A Good Day To Die Hard Review

The Plot:

John McClane sets out to Russia in search of his apparently wayward son Jack. But their family reunion is spoiled when McClane also finds his usual trouble of bombs, bullets and bad guys. With nobody else seemingly around to stop the mayhem, it’s time for the ultimate father and son team to take care of things…

The Good:

Fans of the Die Hard franchise will no doubt be pleased to see that John McClane is still having trouble dying after roughly 25 years of saving the world from machine gun toting bad guys. Though the action genre has evolved dramatically in that time, its spirit of macho heroics remains vastly popular. Whatever people’s reactions to this latest adventure, at the very least it is a reminder of a very special franchise.

Relative newcomer Jai Courtney handles the daunting prospect of playing John McClane’s son quite well. Between this film and a recent villainous turn in Jack Reacher, he’s demonstrated a convincing physical presence that should see him quickly graduate to leading man roles. In truth at times it feels like he may have already done that in this film, as he often feels more like our capable hero than Bruce Willis does.

The Bad:

Bruce Willis is 57 years old and he looks it, more worryingly, for the first time on screen he really feels… old. His lumbering body is seemingly indestructible, but fails to convince throughout the relentless physical action. It’s difficult to accept McClane could run fast enough to catch the bad guys, let alone survive a never ending series of car crashes and explosions. Standing alongside Jai Courtney’s impressively chiseled physique is a depressing reminder of reality.

Detective John McClane was once an undisputed action hero icon, but sadly the underdog charms this character once possessed have been mercilessly eroded by decades of being an invincible superhero. His well-deserved and satisfying wisecracks have been tragically replaced with meaningless bravado and obnoxious smugness.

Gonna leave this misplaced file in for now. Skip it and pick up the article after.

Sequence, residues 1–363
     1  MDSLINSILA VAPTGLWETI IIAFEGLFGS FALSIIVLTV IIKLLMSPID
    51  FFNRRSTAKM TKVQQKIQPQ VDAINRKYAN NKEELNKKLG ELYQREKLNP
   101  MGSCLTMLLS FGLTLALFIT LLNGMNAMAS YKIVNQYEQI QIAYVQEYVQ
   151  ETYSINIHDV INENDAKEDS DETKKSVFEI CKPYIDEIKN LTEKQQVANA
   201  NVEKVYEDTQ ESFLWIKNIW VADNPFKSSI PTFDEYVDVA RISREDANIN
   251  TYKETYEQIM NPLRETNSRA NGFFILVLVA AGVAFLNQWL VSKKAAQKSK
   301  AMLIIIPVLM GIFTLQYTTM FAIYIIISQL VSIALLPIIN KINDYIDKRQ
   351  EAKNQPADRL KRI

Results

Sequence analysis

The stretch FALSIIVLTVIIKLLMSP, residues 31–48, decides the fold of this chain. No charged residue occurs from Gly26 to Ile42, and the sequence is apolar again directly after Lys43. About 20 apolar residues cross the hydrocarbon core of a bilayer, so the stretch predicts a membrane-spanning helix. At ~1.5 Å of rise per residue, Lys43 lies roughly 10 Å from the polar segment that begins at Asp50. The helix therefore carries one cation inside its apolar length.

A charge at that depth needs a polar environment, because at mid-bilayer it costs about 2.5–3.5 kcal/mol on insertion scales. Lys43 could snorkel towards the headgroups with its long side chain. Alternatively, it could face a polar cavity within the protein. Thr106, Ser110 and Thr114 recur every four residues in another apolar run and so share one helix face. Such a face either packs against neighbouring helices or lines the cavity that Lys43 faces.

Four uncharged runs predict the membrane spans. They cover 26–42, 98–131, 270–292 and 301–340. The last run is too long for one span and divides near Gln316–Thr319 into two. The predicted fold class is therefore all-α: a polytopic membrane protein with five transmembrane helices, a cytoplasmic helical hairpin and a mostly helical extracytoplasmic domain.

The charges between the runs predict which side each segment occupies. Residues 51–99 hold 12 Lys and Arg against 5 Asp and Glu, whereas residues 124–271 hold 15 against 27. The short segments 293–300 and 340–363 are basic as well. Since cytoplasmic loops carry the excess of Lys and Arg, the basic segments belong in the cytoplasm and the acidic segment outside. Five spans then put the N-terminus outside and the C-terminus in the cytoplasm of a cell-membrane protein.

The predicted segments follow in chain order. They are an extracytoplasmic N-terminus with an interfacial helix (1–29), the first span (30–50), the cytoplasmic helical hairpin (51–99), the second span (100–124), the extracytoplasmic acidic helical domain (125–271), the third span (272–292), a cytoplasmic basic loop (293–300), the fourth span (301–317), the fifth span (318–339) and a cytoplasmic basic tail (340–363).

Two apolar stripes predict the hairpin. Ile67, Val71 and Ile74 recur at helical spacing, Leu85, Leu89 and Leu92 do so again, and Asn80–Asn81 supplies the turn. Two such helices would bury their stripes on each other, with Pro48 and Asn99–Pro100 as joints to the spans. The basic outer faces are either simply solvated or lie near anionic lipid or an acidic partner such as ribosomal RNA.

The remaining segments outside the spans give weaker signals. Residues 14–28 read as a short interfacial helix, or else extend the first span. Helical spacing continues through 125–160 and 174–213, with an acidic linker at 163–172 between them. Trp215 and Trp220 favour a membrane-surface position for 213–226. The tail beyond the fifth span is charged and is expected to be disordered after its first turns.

Die Hard 4.0 was heavily criticised for abandoning the core principle of the Die Hard franchise, that McClane was essentially just a normal guy in the wrong place at the wrong time. Sure he was a tough guy, but he wasn’t superhuman. This film represented a chance to abandon the cartoonish CGI action and take things back to believable basics. Sadly the latest Die Hard film instead continues to plunge the franchise further into disappointing absurdity.

Action blockbusters often have to defend themselves against allegations that they bear no relation to the real world. Indeed much of the joy of the genre is only possible by wilfully ignoring the laws of physics and common sense in favour of escapist entertainment. However that magic trick is only possible if the film is fun enough to distract audiences from the mounting factual inaccuracies and inexplicable plot holes.

The film’s plot feels thin and uninspired, as a promising beginning sadly evaporates into generics. The gaps between the film’s lengthy action sequences are also cluttered with poor dialogue and ill-advised father-son bonding. It’s ultimately hard to know whether many of the groans and giggles the film provokes are intentional or not.

Ugly Truth:

A Good Day To Die Hard may please those craving the comfort of loud noises and uncomplicated explosions this Valentine’s Day. However fans looking for some testosterone fueled nostalgia may be better off re-watching their DVD collection of old school 80’s and 90’s action classics. A bombardment of implausible special effects and a misguided determination to be ‘bigger’ doesn’t compare well to the memorable charms and high standards of the original Die Hard.

Video Interview below with star Jai Courtney and the filmmakers on the red carpet at the film’s London premiere:


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